No need to scale that fish
When you get hold of incredibly fresh fish, you don't want to do very much to it.
Holiday cooking out
I was in this lucky state of just-from-the-sea fish abundance last week, when staying in a house upon a creamy, duned beach in the Eastern Cape.
There was only one downer: the thing I hate doing with fish is getting the scales off. Gutting I don't mind, but the way those transparent little discs, like so many ghosts' fingernails, go flying about the room, is just too irritating for me. Some posh chefs say, ''Oh, no problem, simply work the scales off while your fish, along with your hands and a knife, is inside a plastic packet." Well perhaps they're more nimble than I am, because I find this almost impossible. Others do it underwater, but my comment is as per plastic bag.
With a small sink, crazy heat and laziness as our limitations, we decided to follow a more he-man outdoorsy method and just bake the creatures with scales on. This delivered some of the juiciest fish I've ever encountered, and I can't recommend it too highly. Unless you're deep-frying fish to get the skin really bacon-crisp, nobody actually likes the skin anyway, so making it edible is a waste of time. Leaving fish whole is almost always the best plan: the gelatine in the bones dissolves easily and gives the flesh extra juiciness, plus the meat in the cheeks is incredible.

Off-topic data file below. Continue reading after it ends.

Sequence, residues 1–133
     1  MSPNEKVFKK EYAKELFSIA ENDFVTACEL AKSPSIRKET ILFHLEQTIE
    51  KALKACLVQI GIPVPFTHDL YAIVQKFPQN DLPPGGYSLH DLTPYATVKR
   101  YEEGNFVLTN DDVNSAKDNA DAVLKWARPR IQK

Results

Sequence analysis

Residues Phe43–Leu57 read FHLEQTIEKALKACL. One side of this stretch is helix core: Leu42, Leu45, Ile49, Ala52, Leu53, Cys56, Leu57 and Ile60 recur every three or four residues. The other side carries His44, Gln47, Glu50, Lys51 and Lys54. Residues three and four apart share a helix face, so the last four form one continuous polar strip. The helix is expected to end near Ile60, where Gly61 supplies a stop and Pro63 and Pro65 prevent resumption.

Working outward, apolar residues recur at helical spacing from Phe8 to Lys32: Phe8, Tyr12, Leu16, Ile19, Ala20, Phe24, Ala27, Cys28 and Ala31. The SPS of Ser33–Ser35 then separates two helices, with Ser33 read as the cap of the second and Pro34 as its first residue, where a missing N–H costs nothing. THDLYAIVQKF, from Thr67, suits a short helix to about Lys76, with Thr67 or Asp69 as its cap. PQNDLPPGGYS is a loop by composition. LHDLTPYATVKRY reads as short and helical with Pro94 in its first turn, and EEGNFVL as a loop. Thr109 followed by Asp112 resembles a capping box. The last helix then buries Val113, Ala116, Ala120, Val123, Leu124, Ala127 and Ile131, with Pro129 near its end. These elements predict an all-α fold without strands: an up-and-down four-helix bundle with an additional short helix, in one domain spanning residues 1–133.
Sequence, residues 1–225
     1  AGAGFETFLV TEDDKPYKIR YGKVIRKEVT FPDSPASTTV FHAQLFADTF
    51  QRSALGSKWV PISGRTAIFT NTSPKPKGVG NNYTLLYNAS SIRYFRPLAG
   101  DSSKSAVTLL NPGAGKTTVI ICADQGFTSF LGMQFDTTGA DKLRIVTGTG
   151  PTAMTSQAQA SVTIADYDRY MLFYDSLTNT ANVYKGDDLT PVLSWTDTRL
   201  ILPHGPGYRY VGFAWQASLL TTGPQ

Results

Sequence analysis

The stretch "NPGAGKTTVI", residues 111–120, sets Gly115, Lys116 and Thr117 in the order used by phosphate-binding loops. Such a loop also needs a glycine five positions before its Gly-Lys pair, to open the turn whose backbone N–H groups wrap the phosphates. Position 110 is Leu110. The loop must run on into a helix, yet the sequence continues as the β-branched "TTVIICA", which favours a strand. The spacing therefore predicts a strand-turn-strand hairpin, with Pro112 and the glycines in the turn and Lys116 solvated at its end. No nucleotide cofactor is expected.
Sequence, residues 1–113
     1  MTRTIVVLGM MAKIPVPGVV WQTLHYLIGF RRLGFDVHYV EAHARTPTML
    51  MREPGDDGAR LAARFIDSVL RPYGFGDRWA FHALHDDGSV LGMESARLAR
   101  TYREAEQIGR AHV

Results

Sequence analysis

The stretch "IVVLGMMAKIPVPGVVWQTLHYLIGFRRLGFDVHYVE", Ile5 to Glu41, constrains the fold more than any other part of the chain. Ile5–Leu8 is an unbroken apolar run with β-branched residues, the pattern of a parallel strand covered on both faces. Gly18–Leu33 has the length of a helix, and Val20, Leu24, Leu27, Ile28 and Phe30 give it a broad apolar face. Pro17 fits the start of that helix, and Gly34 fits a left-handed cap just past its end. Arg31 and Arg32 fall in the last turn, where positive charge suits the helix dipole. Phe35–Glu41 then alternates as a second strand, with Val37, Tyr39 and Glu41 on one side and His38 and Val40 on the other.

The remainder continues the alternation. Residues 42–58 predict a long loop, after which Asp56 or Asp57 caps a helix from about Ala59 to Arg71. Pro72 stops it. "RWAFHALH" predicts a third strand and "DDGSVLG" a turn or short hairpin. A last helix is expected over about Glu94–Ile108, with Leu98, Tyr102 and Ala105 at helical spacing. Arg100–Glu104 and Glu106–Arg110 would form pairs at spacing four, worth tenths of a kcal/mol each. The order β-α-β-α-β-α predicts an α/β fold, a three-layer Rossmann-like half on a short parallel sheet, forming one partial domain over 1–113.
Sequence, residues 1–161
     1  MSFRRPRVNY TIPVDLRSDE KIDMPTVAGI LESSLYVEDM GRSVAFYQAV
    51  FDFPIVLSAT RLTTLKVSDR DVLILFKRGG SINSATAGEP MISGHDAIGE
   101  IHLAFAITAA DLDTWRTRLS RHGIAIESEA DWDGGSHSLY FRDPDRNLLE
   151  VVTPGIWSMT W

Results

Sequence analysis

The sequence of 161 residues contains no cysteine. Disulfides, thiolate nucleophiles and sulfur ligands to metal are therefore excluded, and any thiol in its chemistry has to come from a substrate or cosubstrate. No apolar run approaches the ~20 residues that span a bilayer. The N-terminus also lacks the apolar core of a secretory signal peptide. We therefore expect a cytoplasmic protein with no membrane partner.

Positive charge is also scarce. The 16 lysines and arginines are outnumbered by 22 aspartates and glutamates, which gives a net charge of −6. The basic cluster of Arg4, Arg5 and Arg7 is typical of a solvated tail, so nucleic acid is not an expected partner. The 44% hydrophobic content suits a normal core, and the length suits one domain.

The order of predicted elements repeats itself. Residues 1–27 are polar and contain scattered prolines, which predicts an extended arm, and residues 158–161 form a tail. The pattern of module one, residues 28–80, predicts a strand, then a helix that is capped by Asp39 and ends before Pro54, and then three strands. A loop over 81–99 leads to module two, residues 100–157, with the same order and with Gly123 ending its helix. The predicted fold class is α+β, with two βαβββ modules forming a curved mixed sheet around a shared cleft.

Cannon Rocks Fish: Place rinsed and gutted fish in oven-proof dish. The fish should be intact (head and tail on). Sprinkle salt into the body cavity and shove in half a lemon. This will keep it smelling good while cooking. Baking time depends on the fish, obviously. You need about 20 minutes at 200°C for a 30-40cm fish, but it's better to go the empirical route here rather than just looking at the clock. Peel back the skin carefully when you suspect time is right: as soon as the flesh at the thickest part of the body comes away from the bones easily, whip the fish out of the oven. While it rests for a few minutes, melt butter in a small pot and add slivered garlic and salt. A little ginger is great too. Simmer for two minutes max. Now peel the top skin off the fish from head to back. It should come off in one piece, but if not, never fear, just go carefully so that the scales stay firmly on the skin. Discard skin. Leave the underneath skin as is, and just lift the succulent flesh away from it as you serve. Eat immediately, anointed with the butter and coarse salt and lemon wedges for each diner to add.